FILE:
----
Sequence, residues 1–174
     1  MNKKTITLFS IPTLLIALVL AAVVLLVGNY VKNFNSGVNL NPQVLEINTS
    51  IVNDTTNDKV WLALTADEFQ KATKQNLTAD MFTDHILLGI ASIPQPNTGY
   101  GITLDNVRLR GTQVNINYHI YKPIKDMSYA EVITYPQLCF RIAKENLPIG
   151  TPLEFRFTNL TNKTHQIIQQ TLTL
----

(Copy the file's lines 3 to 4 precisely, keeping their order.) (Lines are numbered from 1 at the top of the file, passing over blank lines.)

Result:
    51  IVNDTTNDKV WLALTADEFQ KATKQNLTAD MFTDHILLGI ASIPQPNTGY
   101  GITLDNVRLR GTQVNINYHI YKPIKDMSYA EVITYPQLCF RIAKENLPIG